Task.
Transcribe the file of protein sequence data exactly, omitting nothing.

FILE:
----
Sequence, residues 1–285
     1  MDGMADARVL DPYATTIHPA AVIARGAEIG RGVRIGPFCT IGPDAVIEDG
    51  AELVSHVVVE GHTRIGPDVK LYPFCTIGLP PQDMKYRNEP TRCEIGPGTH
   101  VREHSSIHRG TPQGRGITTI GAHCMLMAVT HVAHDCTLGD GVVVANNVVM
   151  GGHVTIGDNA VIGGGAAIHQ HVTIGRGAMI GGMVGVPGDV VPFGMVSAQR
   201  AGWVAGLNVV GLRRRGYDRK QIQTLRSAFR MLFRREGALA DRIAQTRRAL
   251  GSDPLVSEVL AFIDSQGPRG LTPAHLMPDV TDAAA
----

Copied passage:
Sequence, residues 1–285
     1  MDGMADARVL DPYATTIHPA AVIARGAEIG RGVRIGPFCT IGPDAVIEDG
    51  AELVSHVVVE GHTRIGPDVK LYPFCTIGLP PQDMKYRNEP TRCEIGPGTH
   101  VREHSSIHRG TPQGRGITTI GAHCMLMAVT HVAHDCTLGD GVVVANNVVM
   151  GGHVTIGDNA VIGGGAAIHQ HVTIGRGAMI GGMVGVPGDV VPFGMVSAQR
   201  AGWVAGLNVV GLRRRGYDRK QIQTLRSAFR MLFRREGALA DRIAQTRRAL
   251  GSDPLVSEVL AFIDSQGPRG LTPAHLMPDV TDAAA